Options Detrimental to Individual Investor Health?

Do individual investors who trade equity options do better or worse than those who do not? In their October 2008 paper entitled “Option Trading and Individual Investor Performance”, Rob Bauer, Mathijs Cosemans and Piet Eichholtz examine the impact of option trading on individual investor performance. Using all daily trades and end-of-month portfolio positions for 68,146 individual Dutch investors (41,880 who trade equities only and 26,266 who trade options at least once) over the period January 2000 to March 2006, they conclude that: Keep Reading

Actual Index Options Trading Results

What kinds of returns do options traders actually achieve? In their January 2009 paper entitled “Investor Trading Behavior and Performances: Evidence from Taiwan Stock Index Options”, Bing Han, Yi-Tsung Lee and Yu-Jane Liu examine trading behavior and net returns for all traders of Taiwan stock index options. Using the complete record of transactions, orders and quotes for Taiwan stock index options during 2002-2005 (involving 238,303 individual investors, 1,076 domestic institutions, 50 foreign institutions and 29 market makers), they conclude that: Keep Reading

Critically Delegating, or Fearfully Abrogating?

Do individuals tend to think critically about financial advisor recommendations, or blindly follow them? In the March 2009 article entitled “Expert Financial Advice Neurobiologically ‘Offloads’ Financial Decision-Making under Risk”, Jan Engelmann, Monica Capra, Charles Noussair and Gregory Berns investigate the neurobiological basis of the influence of expert advice on financial decisions via functional Magnetic Resonance Imaging monitoring of individuals choosing between a certain payment and a lottery, with and without expert advice. Using test results for 24 individuals (mostly female and mostly undergraduate students), they conclude that: Keep Reading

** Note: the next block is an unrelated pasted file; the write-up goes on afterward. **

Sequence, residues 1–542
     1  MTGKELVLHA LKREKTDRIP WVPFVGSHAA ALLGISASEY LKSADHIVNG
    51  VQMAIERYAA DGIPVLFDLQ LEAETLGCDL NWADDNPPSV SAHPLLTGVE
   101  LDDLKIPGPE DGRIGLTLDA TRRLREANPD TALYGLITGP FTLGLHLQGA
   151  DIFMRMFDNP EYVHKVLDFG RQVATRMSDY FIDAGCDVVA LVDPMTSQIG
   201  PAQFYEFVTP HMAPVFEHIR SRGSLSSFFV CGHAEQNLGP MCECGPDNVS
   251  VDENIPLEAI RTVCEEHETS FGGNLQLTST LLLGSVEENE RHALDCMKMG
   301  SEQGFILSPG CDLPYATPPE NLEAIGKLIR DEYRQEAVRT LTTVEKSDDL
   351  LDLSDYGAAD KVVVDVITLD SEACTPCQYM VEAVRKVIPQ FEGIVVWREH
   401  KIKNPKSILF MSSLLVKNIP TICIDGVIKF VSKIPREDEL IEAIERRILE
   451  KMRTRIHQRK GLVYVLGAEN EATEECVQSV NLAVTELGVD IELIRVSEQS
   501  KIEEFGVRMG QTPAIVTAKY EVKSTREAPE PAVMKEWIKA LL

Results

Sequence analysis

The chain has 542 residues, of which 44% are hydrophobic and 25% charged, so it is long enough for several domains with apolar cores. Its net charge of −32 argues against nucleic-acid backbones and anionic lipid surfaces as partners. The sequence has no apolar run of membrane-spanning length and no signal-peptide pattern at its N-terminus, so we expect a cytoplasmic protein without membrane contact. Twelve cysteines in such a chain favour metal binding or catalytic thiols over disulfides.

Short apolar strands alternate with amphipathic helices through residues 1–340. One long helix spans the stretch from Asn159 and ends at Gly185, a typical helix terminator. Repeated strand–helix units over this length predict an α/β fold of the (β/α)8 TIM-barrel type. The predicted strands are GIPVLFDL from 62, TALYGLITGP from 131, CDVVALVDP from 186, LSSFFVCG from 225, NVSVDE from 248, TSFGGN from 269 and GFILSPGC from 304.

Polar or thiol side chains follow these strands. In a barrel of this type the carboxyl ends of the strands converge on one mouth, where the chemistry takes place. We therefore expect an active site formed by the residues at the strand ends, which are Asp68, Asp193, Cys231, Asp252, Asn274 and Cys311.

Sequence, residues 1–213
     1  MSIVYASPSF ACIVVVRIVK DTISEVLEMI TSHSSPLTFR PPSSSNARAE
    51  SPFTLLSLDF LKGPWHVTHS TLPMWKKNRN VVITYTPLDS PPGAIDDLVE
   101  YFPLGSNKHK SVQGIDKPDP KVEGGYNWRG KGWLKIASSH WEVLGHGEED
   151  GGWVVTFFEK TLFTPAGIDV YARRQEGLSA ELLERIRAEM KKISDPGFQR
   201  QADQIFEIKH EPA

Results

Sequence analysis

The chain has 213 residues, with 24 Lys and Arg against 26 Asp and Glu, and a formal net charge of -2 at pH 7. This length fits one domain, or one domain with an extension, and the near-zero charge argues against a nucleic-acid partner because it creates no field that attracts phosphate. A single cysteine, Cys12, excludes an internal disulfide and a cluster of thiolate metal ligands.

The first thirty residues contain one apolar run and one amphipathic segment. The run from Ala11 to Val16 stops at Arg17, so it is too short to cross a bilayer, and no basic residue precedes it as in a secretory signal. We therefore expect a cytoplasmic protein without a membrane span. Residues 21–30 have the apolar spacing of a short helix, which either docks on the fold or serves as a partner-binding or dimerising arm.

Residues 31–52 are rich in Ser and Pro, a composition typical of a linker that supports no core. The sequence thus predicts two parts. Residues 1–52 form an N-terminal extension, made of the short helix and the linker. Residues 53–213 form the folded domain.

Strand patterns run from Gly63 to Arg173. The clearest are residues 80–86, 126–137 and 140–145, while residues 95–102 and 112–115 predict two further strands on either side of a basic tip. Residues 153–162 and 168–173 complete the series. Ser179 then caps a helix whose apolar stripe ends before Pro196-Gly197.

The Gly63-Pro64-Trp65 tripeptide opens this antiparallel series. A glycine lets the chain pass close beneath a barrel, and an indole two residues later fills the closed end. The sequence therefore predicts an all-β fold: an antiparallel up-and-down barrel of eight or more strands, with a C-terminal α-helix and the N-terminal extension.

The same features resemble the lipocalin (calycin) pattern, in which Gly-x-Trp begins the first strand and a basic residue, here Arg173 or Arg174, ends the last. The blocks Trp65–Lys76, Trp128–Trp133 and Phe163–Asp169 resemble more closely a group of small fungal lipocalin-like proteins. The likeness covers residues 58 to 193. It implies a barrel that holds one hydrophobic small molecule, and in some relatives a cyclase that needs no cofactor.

More Motivated by Being Right Than Making Money

Do stock traders learn rationally from past trading experience? In the March 2009 version of their paper entitled “Trading and Learning: How Different Are Different Categories of Investors?”, Sankar De, Vishal Mangla, P. Bhimasankaram and Simran Singh investigate how different categories of traders revise their beliefs about the prospects for future trading success in response to past trading experiences. Using a sample of 124 million transactions on the National Stock Exchange of India within 1.2 million accounts over the period April 2006 through June 2006, they conclude that: Keep Reading

The Advised, the Non-advised and Frequent Traders

How do financial advisors affect the investing practices of individual investors? Does their advice decisively improve client performance, or are other factors more explanatory? In their February 2009 paper entitled “The Influence of Financial Advisors on Household Portfolios: A Study on Private Investors Switching to Financial Advice”, Ralf Gerhardt and Andreas Hackethal compare the portfolios and transactions of advised and non-advised German investors to determine the effects of advice. They further decompose the sample of investors to explore whether differences between advised and non-advised arise from the advice per se or from investor socio-demographics or trading frequency. Using portfolio compositions and transactions for over 65,000 German investors during February 2006 through July 2007, including 597 who initiated a relationship with a financial advisor during that period, they conclude that: Keep Reading